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This article was published 8/7/2014 (960 days ago), so information in it may no longer be current.
With dikes along the Assiniboine River holding and only sunny skies in the forecast for most of the next week, the chance of the province making a deliberate breach at the Hoop and Holler Bend decreases by the hour.
Provincial officials said today it’s now unlikely a controlled release will take place at Hoop and Holler Bend unless Assiniboine River dikes become stressed.
The province deliberately flooded farmland at Hoop and Holler during the height of the 2011 flood, but that decision was made when rain was in the forecast and out of concern for the stability of the dike system. The amount of water released through the Hoop and Holler breach in 2011 was approximately 400 cubic feet per second from May 14 to 20, 2011.
Doug McNeil, deputy minister of Infrastructure and Transportation, said at a flood briefing today all dikes along the river are holding with only minor seepage.
Right now the river is handling the peak amount of 18,000 cubic feet per second of water, with the crest of the floodwaters now expected to hit the Portage Reservoir today between 6 p.m. and midnight. The projected inflow to the reservoir is now 51,600 cfs. What doesn’t go down the Assiniboine River towards Winnipeg will be directed up the Portage Diversion into Lake Manitoba.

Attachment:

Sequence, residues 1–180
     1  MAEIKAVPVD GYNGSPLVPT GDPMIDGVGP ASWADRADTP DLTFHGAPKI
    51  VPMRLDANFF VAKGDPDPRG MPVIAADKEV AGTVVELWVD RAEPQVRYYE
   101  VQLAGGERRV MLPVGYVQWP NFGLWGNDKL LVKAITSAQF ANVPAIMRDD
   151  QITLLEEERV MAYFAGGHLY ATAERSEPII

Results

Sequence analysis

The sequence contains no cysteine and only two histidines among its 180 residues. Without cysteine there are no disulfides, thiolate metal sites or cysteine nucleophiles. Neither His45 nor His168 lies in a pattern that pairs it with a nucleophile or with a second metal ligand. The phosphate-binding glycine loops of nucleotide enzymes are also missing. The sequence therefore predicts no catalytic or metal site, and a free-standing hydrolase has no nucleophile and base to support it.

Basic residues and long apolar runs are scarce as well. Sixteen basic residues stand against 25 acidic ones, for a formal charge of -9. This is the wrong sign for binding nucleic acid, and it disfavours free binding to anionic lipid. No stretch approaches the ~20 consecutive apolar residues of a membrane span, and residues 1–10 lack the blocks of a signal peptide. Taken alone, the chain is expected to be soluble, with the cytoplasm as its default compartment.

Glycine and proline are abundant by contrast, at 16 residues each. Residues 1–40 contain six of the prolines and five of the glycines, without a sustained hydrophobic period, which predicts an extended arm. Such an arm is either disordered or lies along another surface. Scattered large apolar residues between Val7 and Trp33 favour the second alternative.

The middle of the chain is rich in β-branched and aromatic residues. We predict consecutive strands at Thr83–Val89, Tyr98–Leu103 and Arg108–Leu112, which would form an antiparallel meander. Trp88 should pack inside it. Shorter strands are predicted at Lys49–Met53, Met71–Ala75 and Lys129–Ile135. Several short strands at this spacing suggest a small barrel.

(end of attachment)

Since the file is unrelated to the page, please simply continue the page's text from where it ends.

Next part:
Once the crest passes through the reservoir, levels are forecast to drop relatively quickly.
Levels are forecast to rise again next week as a second crest builds on the upper Assiniboine and Qu'Appelle Rivers. Water levels between the Shellmouth Reservoir on the upper Assiniboine and St. Lazare to the south will be higher than 2011 flood levels, the province says.
The province is to release a revised forecast on what the second crest means for southern Manitoba later today.
The province says floodwaters are the product of a month of rain that has seen a large portion of western Manitoba and Saskatchewan inundated with more than 200 per cent of normal rainfall. (See map here.)
The province has already said it is studying how to improve western Manitoba's flood defences, originally built in the 1960s and 1970s, to accommodate more water. Recommendations for the improvements came out of an April 2013 independent report that reviewed the province’s response to the 2011 report.
The province has a preliminary plan and was supposed to open the plan to public consultation this spring, but that was delayed because of the flood threat.
Public meetings will now be held this fall.